The 1873 postal regulations reflected this power to exclude obscene matter from the mails,  as have all succeeding ones, e.g., Postal Laws and Regulations (1893 ed.) § 335. In 1876 the Act was amended to substantially its present form. 19 Stat. 90. It not only declared certain material 'to be non-mailable matter' but added that such 'shall not be conveyed in the mails, nor delivered from any post-office nor by any letter-carrier.' A single comment by the bill's sponsor in the House reflects the understanding that this section, both before and after amendment, authorized exclusion:
'(T)he proposed bill in no wise changes the law as it now is except to provide a penalty for the circulation of obscene literature. By an oversight in drafting the original section the penalty applies only to the disposition of articles circulated or sold for the purpose of procuring abortion or preventing conception. Already this obscene class of matter spoken of in the other portion of the section is prohibited from passing through the mails, but no penalty is provided. * * * (I)t in no way changes the section as it now is. It makes nothing non-mailable that is not now non-mailable. It merely provides a penalty. * * *' 4 Cong.Rec. 695 (1876). (Emphasis supplied.)
Regulations establishing the procedure now used by the Department to determine questions of mailability were adopted in 1902. And in 1960 in a recodification the Congress included § 1461 within its collection of provisions which designate matter as nonmailable. 39 U.S.C. (Supp. II) § 4001(a), 39 U.S.C.A. § 4001(a).
In light of the language of the statutes, the legislative history, the subsequent recodification and the consistent history of administrative interpretation, it stretches my imagination to understand how one could conclude that Congress did not authorize the Post Office Department to exclude nonmailable material. As Justice Brandeis said in United States ex rel. Milwaukee Social Democratic Publishing Co. v. Burleson, 255 U.S. 407, 418, 421, 41 S.Ct. 352, 356, 357, 65 L.Ed. 704. (1921) (dissenting opinion):
'The scope of the Postmaster General's alleged authority is confessedly the same whether the reason for the nonmailable quality of the matter inserted in a newspaper is that it violates the Espionage Act, or the copyright laws, or that it is part of a scheme to defraud, or concerns lotteries, or is indecent, or is in any other respect matter which Congress has declared shall not be admitted to the mails.
'As a matter of administration the Postmaster General, through his subordinates, rejects matter offered for mailing, or removes matter already in the mail, which in his judgment is unmailable. The existence in the Postmaster General of the power to do this cannot be doubted. The only question which can arise is whether in the individual case the power has been illegally exercised.'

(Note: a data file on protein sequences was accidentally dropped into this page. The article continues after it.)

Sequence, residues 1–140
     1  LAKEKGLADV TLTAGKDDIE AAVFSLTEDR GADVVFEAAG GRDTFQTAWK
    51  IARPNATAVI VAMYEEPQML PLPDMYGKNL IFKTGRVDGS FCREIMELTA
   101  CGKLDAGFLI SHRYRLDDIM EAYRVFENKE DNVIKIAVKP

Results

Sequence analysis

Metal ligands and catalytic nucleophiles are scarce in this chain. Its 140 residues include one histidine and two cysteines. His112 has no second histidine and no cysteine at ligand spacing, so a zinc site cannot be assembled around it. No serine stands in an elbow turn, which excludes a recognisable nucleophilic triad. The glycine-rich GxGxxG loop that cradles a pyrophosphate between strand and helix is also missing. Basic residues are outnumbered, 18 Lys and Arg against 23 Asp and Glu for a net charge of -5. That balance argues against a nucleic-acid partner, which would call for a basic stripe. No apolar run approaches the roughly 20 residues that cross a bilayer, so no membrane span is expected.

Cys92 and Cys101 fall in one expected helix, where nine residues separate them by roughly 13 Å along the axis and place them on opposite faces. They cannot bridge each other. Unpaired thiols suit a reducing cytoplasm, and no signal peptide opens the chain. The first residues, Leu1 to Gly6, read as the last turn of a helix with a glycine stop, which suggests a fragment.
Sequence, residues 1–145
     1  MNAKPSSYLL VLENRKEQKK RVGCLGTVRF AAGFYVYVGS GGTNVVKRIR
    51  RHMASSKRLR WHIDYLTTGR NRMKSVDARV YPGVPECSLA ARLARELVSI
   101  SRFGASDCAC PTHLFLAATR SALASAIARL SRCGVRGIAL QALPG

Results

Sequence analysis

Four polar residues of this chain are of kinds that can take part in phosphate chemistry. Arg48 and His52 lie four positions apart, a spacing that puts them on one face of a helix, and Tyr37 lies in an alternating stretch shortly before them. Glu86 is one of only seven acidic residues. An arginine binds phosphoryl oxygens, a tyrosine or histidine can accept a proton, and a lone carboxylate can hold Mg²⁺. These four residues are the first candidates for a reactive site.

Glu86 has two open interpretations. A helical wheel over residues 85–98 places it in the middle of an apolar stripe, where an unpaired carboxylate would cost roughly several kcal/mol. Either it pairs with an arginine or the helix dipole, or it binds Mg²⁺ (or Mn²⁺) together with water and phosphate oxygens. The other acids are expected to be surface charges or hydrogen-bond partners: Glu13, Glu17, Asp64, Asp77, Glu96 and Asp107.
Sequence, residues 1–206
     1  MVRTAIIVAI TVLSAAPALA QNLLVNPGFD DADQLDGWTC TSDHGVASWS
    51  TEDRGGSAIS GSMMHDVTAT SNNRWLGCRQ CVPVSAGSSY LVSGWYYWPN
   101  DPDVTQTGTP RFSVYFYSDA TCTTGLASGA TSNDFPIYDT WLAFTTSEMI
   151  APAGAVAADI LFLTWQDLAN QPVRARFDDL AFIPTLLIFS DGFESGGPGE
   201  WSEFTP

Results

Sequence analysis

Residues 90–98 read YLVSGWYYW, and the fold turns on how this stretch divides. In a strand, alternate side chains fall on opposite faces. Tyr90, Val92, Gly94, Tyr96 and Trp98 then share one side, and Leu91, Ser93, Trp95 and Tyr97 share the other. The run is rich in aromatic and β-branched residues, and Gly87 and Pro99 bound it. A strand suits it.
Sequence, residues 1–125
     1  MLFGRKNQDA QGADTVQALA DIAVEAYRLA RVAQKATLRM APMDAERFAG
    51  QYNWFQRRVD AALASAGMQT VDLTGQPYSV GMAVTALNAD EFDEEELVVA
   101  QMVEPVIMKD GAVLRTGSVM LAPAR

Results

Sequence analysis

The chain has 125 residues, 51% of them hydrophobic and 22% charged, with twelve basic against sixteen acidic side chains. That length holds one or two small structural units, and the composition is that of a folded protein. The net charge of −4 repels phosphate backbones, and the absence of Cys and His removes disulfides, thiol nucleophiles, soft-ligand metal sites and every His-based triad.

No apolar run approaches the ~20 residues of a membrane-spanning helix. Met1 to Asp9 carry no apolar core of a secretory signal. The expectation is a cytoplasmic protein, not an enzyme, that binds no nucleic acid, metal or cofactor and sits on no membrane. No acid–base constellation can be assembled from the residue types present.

Let us now turn to the opinion of Brother HARLAN and first take up the question whether magazines which indisputably contain information on where obscene material may be obtained can be considered nonmailable apart from the sender's scienter. Giving regard to the wording of § 1461, the interests involved, and the nature of the sanction imposed, I fail to see how the sender's scienter is anywise material to a determination of nonmailability. Section 1461 very explicitly demands that no information 'be conveyed in the mails or delivered from any post office or by any letter carrier' if it in fact tells how obscene material can be obtained. This command running to those charged with the administration of the postal system is not conditioned by the words of the statute upon the sender's scienter or any remotely similar consideration. When it wants to inject a scienter requirement, the Congress well knows the words to use, as evidenced by the very next sentence in § 1461 establishing the criminal sanctions: 'Whoever knowingly uses the mails for the mailing, carriage in the mails, or delivery of anything declared by this section to be nonmailable * * * shall be fined not more than $5,000 or imprisoned not more than five years, or both * * *.' (Emphasis supplied.) Congress could not have made it more clear that the sender's knowledge of the material to be mailed did not determine its mailability but only his responsibility for mailing it. Nor is there any reason why Congress-in a civil action should have wanted it any other way. The sender's knowledge of the matter sought to be mailed is immaterial to the harm caused to the public by its dissemination. Finally, interpreting § 1461 to mean what it says would not give rise to the 'serious constitutional question' envisioned. This fear is premised entirely on Smith v. California, 361 u.S. 147, 80 S.Ct. 215, 4 L.Ed.2d 205 (1959), which was a criminal case. Surely the prerequisites to criminal responsibility are quite different from the tests for the use of the mails. The present determination of nonmailability of bulk packages of magazines to newsstands rains no sanctions or incriminations upon the publishers of these magazines nor does it confiscate or impound the magazines. For these reasons, I believe the only possible interpretation of § 1461 is that the sender's scienter is immaterial in determining the mailability of information on where obscene material can be obtained.
In passing, it might be noted that a requirement of scienter gives rise to some interesting problems. For instance: Is the sender's scienter permanently fixed at the time the material is first unsuccessfully offered for mailing, or is his scienter to be re-evaluated when the material is again offered for mailing? How are equitable principles such as 'clean hands' and 'he who seeks equity must do equity' squared in a proceeding to enjoin an administrative nonmailable order with an insistence on mailing material which has been shown to contain information leading to obscene material?